A few basic guidelines are:
• Teach your kids that your pet’s kennel is NOT a play house. Keeping your pet’s kennel a safe place is critical. The children should not be able to go in and bother your pet or play in the kennel while he/she is in there. Your pet needs to know that this area remains a secure den…someplace safe to go if your pet wants to get away. (This works for when strangers come over as well!) If your kids DO go in there to “play” … give your pet LOTS of treats, praise, and make sure they know that the kid crawling in with them was the BEST thing that could have happened.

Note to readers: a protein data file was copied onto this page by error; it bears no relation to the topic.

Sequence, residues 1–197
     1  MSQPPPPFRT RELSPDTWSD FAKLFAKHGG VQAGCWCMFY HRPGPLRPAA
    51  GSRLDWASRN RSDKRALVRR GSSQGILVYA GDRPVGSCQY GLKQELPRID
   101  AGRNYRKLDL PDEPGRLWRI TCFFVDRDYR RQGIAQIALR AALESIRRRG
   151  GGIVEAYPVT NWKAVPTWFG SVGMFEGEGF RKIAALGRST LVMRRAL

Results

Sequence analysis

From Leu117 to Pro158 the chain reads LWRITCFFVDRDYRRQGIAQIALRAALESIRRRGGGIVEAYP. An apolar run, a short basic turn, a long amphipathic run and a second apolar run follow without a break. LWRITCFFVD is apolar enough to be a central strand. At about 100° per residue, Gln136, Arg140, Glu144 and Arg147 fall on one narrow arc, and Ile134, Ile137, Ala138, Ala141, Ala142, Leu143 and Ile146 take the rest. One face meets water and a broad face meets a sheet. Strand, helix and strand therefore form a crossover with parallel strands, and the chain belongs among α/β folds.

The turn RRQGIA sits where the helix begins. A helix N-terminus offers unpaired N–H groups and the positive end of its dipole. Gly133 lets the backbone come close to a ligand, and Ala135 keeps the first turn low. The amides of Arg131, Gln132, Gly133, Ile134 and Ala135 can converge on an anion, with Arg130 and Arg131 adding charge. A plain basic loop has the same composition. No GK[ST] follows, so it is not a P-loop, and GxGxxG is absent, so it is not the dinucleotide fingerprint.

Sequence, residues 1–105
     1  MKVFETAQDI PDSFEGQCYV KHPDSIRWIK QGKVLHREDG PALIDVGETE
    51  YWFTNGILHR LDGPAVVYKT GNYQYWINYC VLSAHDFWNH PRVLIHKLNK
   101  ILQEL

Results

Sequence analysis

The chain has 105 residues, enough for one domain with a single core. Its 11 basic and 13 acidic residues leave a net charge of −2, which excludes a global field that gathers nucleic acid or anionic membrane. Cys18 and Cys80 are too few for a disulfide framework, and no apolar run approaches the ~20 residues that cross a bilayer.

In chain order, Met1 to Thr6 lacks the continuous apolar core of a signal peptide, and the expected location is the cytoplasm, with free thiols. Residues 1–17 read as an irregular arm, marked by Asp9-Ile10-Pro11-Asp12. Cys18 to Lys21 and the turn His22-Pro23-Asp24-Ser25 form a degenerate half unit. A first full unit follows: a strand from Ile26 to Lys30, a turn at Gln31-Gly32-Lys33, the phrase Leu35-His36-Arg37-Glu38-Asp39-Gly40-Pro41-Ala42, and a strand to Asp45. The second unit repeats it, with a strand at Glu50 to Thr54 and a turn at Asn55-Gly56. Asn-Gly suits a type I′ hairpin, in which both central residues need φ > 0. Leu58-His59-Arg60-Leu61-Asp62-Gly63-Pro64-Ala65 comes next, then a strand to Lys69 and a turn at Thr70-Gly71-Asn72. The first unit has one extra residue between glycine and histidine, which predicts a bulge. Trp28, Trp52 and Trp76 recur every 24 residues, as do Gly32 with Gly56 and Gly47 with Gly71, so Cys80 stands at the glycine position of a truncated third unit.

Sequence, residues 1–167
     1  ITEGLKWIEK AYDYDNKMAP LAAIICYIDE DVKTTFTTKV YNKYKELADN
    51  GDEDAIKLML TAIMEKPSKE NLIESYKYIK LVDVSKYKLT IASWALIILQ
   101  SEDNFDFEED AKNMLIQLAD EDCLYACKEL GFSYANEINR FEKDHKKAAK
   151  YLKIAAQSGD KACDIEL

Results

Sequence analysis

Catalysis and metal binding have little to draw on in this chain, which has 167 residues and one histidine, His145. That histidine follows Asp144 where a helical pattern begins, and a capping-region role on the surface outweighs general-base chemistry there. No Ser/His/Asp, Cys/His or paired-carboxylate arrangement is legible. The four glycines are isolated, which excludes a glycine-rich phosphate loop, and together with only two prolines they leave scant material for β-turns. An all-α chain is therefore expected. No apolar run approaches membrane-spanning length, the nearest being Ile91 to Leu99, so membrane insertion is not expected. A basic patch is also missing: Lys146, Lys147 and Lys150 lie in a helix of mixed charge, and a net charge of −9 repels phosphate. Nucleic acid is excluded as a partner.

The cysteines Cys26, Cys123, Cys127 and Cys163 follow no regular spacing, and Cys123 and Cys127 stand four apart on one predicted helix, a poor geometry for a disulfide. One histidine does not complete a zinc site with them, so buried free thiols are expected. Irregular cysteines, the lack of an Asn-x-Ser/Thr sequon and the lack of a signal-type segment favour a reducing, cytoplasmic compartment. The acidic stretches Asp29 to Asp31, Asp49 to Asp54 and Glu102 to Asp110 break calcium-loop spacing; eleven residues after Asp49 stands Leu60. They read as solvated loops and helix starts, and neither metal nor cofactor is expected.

• Your pet’s food and water bowls should have the same rules attached. When your pet is eating, children should be kept busy elsewhere, not pestering the dog…having a child around only heightens the need for your new pet to “compete” for food…thus possibly creating a problem that doesn’t need to be there. If you are seeing growling or aggression issues when you or your kids simply walk by and do not tease, etc, then consult a professional immediately so these issues can be resolved. We don’t commonly reach into our pet’s food bowls (we should be able to and can teach our pets otherwise by dropping in treats, etc) but it’s not really a common occurrence. But if we are being giving the evil eye for even just walking by, then we WILL modify that issue immediately by making the food dish mean lots of good things when people come by, in the off chance we do have company over who go by the dish. It is important that they tolerate these actions and are not threatened by them. We can go over a more individualized program at our training session if you’d like. Teaching kids to walk by and TOSS or DROP TREATS into the dish can only help your pet see that kids approaching is a GOOD thing. Try this with YOU FIRST and then you can see if a child walking past and TOSSING a treat in from a safe distance is fine, then closer if there is no concern. If you are hesitant in ANY way, we can work on this during one of our sessions to ensure safe practices.